“I think she started the company for that reason—to let people that aren't perfect ballerinas train and become perfect ballerinas,” Lee continued. “Today, it's completely different. You can become a ballerina with any type of body, any turnout—it's the work that you put forward into things. And I think that's what she brought up in her students—that it's not what you look like, it's how much work you put into it to become successful. And she gave people the opportunity to be up on stage being the Sugar Plum Fairy when maybe they never would in some other situation.”

“I think giving opportunity to her students and a work ethic and a method of leading their lives—whether they were dancers or not—that you work for the things that you want to get in life, they aren't just handed to you,” Lee said. “That's what she did. She worked for the things that she wanted in her life, and she worked hard and she achieved them.”

Lee teaches at the Academy of Dance and is a ballet mistress.

“I just walked in and asked her for a job,” Lee said. “That was the first time I met her.”

Lee ended up working with Silvaggio for years.

“We even had a little group that she took around even to try to audition for like cruise ships and things like that,” Lee said. “She was just involved. She got ideas in her head and she just went full out for them. Always. She never did anything halfway.”

Helene Dinsmoor was six when her mother enrolled her at Silvaggio’s Academy of Dance. Forty years later she still dances with company.

“Words that come to mind when I think of her—she was captivating,” Dinsmoor said. “She would give amazing speeches to us of encouragement. She was inspiring. She just had really high expectations of her company, her dancers, the performances she put out.”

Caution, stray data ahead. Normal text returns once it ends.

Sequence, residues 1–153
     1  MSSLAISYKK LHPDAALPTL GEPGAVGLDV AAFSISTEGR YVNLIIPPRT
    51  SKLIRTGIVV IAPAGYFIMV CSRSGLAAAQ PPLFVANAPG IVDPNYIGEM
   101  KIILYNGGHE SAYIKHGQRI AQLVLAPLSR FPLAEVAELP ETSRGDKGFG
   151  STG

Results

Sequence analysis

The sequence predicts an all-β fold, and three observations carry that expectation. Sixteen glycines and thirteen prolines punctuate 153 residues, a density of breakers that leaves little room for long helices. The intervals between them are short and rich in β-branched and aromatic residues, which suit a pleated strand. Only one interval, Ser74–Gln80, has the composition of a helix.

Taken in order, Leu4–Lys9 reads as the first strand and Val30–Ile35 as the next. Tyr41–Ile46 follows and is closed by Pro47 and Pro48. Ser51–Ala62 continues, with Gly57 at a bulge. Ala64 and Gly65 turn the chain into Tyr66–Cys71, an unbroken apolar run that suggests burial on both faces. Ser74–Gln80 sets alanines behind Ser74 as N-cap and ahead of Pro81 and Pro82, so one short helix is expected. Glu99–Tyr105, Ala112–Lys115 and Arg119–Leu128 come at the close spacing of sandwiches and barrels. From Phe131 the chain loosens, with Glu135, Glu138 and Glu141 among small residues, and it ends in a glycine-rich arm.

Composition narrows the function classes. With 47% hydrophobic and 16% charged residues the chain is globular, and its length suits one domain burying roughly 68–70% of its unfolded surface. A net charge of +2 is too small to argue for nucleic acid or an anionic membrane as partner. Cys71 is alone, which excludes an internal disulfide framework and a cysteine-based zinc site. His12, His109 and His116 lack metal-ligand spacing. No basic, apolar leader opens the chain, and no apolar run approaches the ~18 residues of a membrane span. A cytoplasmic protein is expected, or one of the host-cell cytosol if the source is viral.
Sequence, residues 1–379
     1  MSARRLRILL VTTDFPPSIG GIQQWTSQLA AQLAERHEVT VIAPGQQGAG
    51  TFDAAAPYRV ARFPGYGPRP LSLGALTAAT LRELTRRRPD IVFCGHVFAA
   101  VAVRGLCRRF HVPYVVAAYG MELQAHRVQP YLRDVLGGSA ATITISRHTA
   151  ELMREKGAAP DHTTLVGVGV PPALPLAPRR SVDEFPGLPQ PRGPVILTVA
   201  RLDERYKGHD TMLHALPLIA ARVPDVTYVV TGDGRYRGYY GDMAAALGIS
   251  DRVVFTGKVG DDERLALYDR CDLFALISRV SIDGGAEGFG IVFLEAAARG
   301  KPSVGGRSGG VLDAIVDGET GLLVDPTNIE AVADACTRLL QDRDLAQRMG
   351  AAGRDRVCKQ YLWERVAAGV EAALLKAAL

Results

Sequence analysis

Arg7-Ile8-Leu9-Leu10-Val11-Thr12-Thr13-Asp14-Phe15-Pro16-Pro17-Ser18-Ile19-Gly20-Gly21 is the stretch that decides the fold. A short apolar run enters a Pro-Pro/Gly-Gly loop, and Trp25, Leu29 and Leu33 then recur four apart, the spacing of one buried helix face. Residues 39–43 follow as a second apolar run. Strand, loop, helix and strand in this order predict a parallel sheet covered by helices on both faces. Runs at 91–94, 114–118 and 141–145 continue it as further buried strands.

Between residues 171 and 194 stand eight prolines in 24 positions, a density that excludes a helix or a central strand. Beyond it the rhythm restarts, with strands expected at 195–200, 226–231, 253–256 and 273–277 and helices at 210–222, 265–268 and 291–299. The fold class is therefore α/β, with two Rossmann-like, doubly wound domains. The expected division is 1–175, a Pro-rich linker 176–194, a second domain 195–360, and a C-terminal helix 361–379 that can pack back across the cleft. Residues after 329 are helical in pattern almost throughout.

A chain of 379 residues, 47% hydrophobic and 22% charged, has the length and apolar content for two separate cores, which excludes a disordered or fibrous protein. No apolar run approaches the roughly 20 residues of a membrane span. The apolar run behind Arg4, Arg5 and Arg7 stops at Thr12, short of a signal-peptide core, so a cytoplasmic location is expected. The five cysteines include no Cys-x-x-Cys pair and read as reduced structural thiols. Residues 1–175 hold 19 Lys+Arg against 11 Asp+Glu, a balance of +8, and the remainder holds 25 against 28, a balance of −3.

Dinsmoor says she’s danced in every SLO Civic Ballet ‘Nutcracker’ production since 1982, except for the year her daughter was born, and was close with Lorilee and the entire Silvaggio family.

“She just pushed you to be the best,” Dinsmoor said. “She taught more than just dance steps. I mean, she taught the discipline that I have carried throughout my whole life...and [she taught] just respect and doing your best and pushing yourself to be the best. And she just was very inspiring. I mean, that's the main word that comes to mind when I think of her.”

Dinsmoor, Blomfield and Lee all say Lorilee made her mark by lifting up others.

“She definitely has a big legacy that's still going strong in this community,” Dinsmoor said. “And I think it benefits many people, on the stage and in the audience—I think it's just a really special thing to be a part of.”

“I just think of her persuasiveness in getting things done with the people around her, her drive, her always wanting to go to the next level,” Lee said. “[First] she's got this studio that's in her garage, and then all of a sudden she has one downtown and then she has a jazz company, and then she has a ballet company, nd then, you know, she just keeps going and then she goes back to school and becomes psychotherapist. She just does more in her lifetime to make an impression and a life path for others than most people do. Definitely. She made her footprint in the world.”

“She left an imprint on everyone that she met, that kind of stuck to the marrow of your bones, as far as feeling that sense of nourishment, that sense of gratitude,” Alexa Silvaggio said.

According to Lorilee Silvaggio’s obituary, “in lieu of flowers, consider making a donation to the nonprofit she began over 40 years ago, The Civic Ballet of San Luis Obispo. There will be a memorial for our extraordinary Lorilee at some point in 2021.”

The KCBX Arts Beat is made possible by a grant from the Community Foundation of San Luis Obispo County.